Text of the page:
The data required to do this for a single octave, could probably be done in an array of integers, 16 bit integers probably enough in a pinch. And it would require an array of such integers of length 144-- for each note in a 12 note scale, you would have 12 probability values for what the next note might be, 12 x 12 = 144 integers.

Can the Teletype accommodate that kind of data storage? And if so, is there some way to write and read the data from some kind of removable media?

An enhancement to such a model could be to maintain the probability of the length of the note, which could be derived from the time between notes.

If I’m understanding correctly, this has already been implemented as the CHAOS operators, the outputs of which may be subjected to all manner of arithmetic in order to tame them into something musical. Search around the forum for details on those.

As far as creating your own rule using 144 integers: the tracker holds 256, although it’s 4 wide not 12. However, I’m sure you can map it to be moved through as though it were 12x12. Not sure about loading from external media but probably? I recall the number of rules being 1) logically arrayed and 2) vast, so am not totally sure you’d even still want to make your own knowing that CHAOS ops already exist.

Well, it doesn’t look to me that the CHAOS operator works with a user-supplied weighting array so I’m not seeing how that’s of any help…

And with regards to the “Tracker”, do you mean a pattern? I’m not seeing much in the way of references to what the tracker is and how it works.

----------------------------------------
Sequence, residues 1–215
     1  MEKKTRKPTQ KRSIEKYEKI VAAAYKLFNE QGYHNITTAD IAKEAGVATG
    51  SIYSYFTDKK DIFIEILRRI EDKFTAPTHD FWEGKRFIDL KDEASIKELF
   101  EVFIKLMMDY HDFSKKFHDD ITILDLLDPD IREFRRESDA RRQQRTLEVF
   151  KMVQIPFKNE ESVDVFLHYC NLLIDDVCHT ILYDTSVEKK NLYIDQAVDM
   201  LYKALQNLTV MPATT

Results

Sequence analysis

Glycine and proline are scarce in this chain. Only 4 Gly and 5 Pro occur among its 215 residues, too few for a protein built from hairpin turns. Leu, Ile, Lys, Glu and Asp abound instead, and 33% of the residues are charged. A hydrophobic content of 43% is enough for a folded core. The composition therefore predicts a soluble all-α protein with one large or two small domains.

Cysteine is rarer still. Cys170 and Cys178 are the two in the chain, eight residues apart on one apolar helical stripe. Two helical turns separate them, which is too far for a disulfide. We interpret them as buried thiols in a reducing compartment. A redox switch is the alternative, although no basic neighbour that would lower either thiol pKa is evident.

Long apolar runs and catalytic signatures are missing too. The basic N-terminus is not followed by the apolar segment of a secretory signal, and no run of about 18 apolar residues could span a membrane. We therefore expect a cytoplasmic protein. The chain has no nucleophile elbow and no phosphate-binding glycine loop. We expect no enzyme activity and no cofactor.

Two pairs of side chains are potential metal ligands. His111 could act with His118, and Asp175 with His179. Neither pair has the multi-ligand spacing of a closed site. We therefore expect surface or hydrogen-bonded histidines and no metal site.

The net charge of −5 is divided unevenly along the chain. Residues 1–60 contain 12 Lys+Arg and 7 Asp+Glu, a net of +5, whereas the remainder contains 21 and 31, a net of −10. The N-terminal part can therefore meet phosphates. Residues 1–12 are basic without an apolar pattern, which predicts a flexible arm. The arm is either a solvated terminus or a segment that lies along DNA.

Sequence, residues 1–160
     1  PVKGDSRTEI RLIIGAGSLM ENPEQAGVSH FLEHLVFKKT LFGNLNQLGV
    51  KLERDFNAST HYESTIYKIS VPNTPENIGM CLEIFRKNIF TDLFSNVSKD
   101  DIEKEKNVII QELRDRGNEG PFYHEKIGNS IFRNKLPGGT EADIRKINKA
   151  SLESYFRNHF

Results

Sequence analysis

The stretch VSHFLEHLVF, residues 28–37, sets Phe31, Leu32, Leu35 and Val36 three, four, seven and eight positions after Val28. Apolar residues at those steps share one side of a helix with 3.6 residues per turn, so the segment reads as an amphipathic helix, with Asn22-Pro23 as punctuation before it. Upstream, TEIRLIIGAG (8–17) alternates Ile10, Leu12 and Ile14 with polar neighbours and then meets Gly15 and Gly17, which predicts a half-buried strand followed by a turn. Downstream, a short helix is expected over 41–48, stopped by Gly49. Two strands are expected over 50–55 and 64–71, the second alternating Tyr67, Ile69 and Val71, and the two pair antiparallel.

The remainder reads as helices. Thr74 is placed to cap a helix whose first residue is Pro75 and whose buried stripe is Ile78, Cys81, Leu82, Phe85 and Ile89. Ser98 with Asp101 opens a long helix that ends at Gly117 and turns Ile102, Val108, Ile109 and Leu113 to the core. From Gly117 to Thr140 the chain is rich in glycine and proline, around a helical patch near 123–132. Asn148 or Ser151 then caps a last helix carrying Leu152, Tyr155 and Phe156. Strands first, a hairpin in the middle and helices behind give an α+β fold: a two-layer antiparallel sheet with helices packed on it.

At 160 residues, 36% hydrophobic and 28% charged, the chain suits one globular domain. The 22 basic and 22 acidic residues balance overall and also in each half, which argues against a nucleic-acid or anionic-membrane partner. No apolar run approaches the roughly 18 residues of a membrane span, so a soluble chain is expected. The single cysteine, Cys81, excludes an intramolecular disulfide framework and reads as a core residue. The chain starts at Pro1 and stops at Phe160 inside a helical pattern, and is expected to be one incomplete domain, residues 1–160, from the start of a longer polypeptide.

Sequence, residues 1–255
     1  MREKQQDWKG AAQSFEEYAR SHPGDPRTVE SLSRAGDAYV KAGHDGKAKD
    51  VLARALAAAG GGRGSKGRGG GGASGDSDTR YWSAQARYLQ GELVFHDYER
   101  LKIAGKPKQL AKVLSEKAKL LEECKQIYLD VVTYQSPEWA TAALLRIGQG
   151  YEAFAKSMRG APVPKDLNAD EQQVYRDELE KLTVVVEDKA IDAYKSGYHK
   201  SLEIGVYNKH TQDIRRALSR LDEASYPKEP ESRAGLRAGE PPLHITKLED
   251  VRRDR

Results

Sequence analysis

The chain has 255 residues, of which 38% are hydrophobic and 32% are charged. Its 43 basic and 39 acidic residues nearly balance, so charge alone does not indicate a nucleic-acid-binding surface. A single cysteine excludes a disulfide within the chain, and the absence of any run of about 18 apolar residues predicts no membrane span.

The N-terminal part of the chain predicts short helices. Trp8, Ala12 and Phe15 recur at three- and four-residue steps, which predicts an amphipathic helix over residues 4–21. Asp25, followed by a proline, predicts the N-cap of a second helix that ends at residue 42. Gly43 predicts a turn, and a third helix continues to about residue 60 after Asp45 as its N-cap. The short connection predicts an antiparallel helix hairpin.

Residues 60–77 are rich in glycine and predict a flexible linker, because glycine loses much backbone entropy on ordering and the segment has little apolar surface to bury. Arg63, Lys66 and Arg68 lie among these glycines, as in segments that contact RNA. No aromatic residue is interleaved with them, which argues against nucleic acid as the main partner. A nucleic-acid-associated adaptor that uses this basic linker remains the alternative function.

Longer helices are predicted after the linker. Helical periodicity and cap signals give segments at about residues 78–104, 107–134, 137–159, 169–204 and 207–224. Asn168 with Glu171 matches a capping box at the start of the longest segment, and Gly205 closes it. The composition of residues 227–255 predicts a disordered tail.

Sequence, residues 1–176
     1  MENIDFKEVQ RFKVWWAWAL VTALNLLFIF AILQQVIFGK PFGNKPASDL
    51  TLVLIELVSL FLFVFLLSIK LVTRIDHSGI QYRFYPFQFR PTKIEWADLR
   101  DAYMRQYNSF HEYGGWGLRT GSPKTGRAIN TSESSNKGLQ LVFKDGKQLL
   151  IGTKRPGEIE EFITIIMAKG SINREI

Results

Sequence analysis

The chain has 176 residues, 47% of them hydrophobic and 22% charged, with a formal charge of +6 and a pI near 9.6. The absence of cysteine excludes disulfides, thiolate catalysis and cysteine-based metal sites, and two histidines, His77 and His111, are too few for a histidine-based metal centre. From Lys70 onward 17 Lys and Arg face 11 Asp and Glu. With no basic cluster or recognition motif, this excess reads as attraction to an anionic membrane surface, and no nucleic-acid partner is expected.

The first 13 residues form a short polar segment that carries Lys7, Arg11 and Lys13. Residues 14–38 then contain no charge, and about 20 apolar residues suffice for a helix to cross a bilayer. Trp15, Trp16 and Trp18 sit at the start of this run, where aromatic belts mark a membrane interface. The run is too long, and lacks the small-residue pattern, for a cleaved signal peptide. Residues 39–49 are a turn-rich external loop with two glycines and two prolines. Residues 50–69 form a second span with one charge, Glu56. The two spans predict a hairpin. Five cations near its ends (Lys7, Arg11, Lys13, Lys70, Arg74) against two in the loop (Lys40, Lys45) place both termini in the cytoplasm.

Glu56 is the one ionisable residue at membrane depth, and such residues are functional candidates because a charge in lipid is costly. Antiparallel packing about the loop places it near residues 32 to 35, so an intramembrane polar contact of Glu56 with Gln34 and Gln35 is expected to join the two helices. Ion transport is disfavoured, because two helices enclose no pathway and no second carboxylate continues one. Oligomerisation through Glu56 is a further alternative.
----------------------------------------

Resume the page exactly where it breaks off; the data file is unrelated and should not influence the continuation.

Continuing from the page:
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I don’t know why it’s referred to as a tracker, it’s just 4 arrays of 64 integers with some associated handiness for looping, popping, etc.

Check out study 5, and I think calling it a tracker is confusing as well.

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Yeah, I’m finding the documentation is kind of spotty and inconsistent. Looks like there may be some old info floating around as well. I’ve been trying to figure out how the JI operator works, looks like it’s the closest thing to a 12-tone quantizer but it’s not at all clear why there are two inputs. And I’ve seen references to “WW” but haven’t found a definition as to what it is.

WW is referring to white whale, I believe, a discontinued module, and I would think you would be using QUANT to generate a 12 tone quantizer, right? Im new to TT myself…

I’m so new to TT, mine’s still in the mail. Hadn’t seen a QUANT op, the docs I’ve looked at so far didn’t mention it that I’ve seen…

Edit: Study 7 discusses quantization a bit, I think. Seems the TELEX extensions do it too.